Monday, July 31, 2017

For Foxconn, GOP Team Walker bets your farm, breaks the bank(s)

In round numbers, there are about 360,000 people in various cities, villages and towns in the counties of Racine and  Kenosha, and also about 600 people in the Jackson County Town of Northfield on the other side of the state, and all of them have a vested interest in the $3 billion from various public funding pots which Walker and his fellow Republicans want to throw at Foxconn.

Which is why Republicans are planning a quick, special Foxconn-related Legislative session to start writing big checks even though the usually-routine approval of state's 2017-'19  budget is now a month late principally over how to pay for his party's excessive highway program which Republican Walker has helped under-finance since 2003.

Walker is adamantly opposed to beginning to fix the problem by raising the gasoline tax.

Fake fiscal conservative that he is, Walker prefers borrowing (and betting on more federal dollars, a pipe dream given Trump's non-existent infrastructure package), while Assembly GOP Speaker Robin Vos also flushed his conservative credentials by backing a gas tax increase and Senate GOP Majority Leader Scott Fitzgerald, a full-time Walker valet, is firmly in Walker's-borrow-and-stick-it-to-the grandkids' camp.

Note, however, that Walker tossed 250 million borrowed dollars into the $3 billion deal for Foxconn via the state budget whenever its approved to hurriedly complete the over-built, under-funded reconstruction and expansion of I-94 though Racine and Kenosha Counties which Vos had been demanding even before Foxconn made the news.

Two things about a quarter of a billion dollars which Walker is treating like campaign-support Kohl's coupon cash:

*  Is $250 million in dedicated borrowing for highway work right through portions of Vos' district enough of a concession to get him off Walker's back; Walker will never budge off the no-new taxes bumper sticker he needs to frame his '18 re-election campaign, so maybe it's time for Vos to to take the $250 million bouquet and live with being another modern Wisconsin borrow-and-spend Republican.

*  $250 million could have repaired most or all potholes on our state's rutted and poorly-ranked roads, which is why it would be useful to ask the good people of cash-strapped Northfield, Wisconsin across the state from Vos' district where the main road has crumbled back to gravel what they think about Walker and Co. throwing around staggering amounts of public highway borrowing like kids at the county fair ring-toss booth which all the people of the state will have to repay.

And speaking of what local folks think, remember that Walker's break-the-bank, bet-the farm Foxconn plan also will require unnamed municipalities gaining some or all of the electronics firm's buildings to contribute to-be-determined local financing through the borrowing procedure known as Tax Incremental Financing, or TIF.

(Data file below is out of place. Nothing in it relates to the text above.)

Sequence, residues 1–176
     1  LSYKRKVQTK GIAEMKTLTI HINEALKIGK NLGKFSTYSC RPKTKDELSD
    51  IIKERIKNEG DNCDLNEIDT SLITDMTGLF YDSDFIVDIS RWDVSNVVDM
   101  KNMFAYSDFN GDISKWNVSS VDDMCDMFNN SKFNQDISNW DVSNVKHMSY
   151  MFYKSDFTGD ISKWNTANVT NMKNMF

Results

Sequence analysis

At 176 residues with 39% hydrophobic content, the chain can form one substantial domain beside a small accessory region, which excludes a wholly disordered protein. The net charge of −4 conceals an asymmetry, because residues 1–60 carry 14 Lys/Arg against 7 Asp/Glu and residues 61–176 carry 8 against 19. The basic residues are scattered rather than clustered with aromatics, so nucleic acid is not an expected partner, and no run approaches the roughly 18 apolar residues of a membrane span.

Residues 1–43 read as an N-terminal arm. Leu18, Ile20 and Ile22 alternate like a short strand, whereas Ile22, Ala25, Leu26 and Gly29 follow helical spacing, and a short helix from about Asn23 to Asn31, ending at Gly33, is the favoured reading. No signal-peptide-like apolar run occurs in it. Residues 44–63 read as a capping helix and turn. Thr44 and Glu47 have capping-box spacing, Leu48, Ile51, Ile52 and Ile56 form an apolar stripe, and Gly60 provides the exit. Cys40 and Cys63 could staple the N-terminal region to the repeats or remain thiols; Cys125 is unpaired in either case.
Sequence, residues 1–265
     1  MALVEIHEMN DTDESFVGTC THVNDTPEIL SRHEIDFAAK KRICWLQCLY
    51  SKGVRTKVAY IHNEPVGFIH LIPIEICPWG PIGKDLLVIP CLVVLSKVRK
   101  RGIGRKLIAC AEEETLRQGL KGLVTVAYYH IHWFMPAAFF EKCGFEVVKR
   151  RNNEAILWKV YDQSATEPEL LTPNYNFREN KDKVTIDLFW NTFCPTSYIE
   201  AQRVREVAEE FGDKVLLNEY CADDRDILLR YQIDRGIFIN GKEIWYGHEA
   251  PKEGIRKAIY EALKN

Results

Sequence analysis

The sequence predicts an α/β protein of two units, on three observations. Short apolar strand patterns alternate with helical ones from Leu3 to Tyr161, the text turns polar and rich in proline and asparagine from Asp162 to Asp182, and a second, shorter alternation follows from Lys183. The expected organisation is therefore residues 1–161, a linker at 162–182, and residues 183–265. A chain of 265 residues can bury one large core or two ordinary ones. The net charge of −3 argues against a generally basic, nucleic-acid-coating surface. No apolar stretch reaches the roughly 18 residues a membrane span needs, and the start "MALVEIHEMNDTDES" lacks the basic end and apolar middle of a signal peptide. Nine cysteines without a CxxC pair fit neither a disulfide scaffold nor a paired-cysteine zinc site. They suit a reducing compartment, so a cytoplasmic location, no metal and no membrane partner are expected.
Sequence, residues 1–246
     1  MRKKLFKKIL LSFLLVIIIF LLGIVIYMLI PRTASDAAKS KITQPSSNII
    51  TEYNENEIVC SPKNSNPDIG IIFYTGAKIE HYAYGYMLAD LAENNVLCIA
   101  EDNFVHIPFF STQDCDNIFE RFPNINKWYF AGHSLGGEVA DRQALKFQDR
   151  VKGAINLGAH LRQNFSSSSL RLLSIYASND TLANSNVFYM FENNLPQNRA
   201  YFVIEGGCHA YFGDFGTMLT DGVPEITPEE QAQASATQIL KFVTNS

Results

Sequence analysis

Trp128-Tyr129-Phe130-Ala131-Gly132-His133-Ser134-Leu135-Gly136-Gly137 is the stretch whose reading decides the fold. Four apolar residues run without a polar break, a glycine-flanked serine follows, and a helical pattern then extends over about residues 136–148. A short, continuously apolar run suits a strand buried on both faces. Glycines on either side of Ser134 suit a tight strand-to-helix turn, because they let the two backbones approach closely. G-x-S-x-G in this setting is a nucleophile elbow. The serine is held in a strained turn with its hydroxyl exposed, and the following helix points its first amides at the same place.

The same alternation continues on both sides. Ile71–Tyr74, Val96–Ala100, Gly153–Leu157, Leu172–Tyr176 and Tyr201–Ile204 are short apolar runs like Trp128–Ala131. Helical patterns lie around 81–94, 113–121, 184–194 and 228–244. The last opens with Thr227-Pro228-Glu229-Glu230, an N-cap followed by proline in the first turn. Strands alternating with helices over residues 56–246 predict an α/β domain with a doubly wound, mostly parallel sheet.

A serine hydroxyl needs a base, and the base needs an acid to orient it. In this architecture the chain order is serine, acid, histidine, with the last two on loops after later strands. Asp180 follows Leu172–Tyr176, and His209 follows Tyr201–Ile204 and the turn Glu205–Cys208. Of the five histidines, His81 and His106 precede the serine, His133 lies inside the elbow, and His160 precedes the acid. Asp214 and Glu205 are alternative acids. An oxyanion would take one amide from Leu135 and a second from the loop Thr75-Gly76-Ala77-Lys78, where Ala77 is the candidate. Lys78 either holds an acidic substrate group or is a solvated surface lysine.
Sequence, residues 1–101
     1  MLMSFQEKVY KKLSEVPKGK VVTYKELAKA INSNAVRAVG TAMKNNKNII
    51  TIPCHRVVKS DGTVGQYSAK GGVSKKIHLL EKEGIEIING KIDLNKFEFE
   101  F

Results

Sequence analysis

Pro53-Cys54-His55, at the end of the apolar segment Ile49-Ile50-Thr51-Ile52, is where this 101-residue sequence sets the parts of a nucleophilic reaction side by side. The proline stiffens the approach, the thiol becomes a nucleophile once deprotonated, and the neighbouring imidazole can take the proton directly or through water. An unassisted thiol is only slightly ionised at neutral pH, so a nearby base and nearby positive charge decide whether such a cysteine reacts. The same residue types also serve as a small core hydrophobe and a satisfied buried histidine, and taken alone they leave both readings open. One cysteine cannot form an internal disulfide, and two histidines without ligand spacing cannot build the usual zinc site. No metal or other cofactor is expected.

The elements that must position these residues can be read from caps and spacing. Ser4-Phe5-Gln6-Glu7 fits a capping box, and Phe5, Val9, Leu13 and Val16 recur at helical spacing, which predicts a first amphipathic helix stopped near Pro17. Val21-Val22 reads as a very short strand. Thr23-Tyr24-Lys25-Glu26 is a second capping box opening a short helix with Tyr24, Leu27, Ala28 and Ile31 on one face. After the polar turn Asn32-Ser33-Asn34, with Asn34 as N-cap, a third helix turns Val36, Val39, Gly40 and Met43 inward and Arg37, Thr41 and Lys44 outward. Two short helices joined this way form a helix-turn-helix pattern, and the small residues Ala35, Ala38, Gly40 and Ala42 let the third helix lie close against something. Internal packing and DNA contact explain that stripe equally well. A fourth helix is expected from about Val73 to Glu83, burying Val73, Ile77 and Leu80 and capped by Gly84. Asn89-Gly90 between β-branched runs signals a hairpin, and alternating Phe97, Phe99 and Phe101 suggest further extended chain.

Through TIF, a municipality borrows to construct streets, sidewalks, street lights, parking and other enhancements for a development, then repays itself with the fresh property taxes a project (hopefully) generates.

The catch is that until the borrowing is paid off over years and decades, that increment - - the project-spurred tax payment growth - - must go to pay down the TIF loan payments and does not flow to local governmental services, like schools, police, fire or public health program costs.

Communities have state-imposed limits on the TIF borrowings they can take on - - but not to worry faux fiscal conservative Vos is saying that the legislature will amend state TIF law to let communities exceed their TIF limits for Foxconn projects.

I'll bet the local residents across Racine and Kenosha Counties will ask their mayors, town chair and common council members if their budgets and service needs can take the strain and limitation that come with the GOP's borrow-and-spend planning the underpins the Foxconn deal.

1 comment:

Anonymous said...

"The state of Wisconsin, which has had a series of high-profile budget battles over the past few years, is promising a $3 billion incentive package for the plant. That is three billion dollars, paid to Foxconn over a 15-year period.

To put that into perspective, Wisconsin is promising to pay Foxconn the equivalent of $66,600 per employee, based on having 3,000 workers in the plant, for each of the next 15 years, while Foxconn is promising pay of less than $54,000 a year"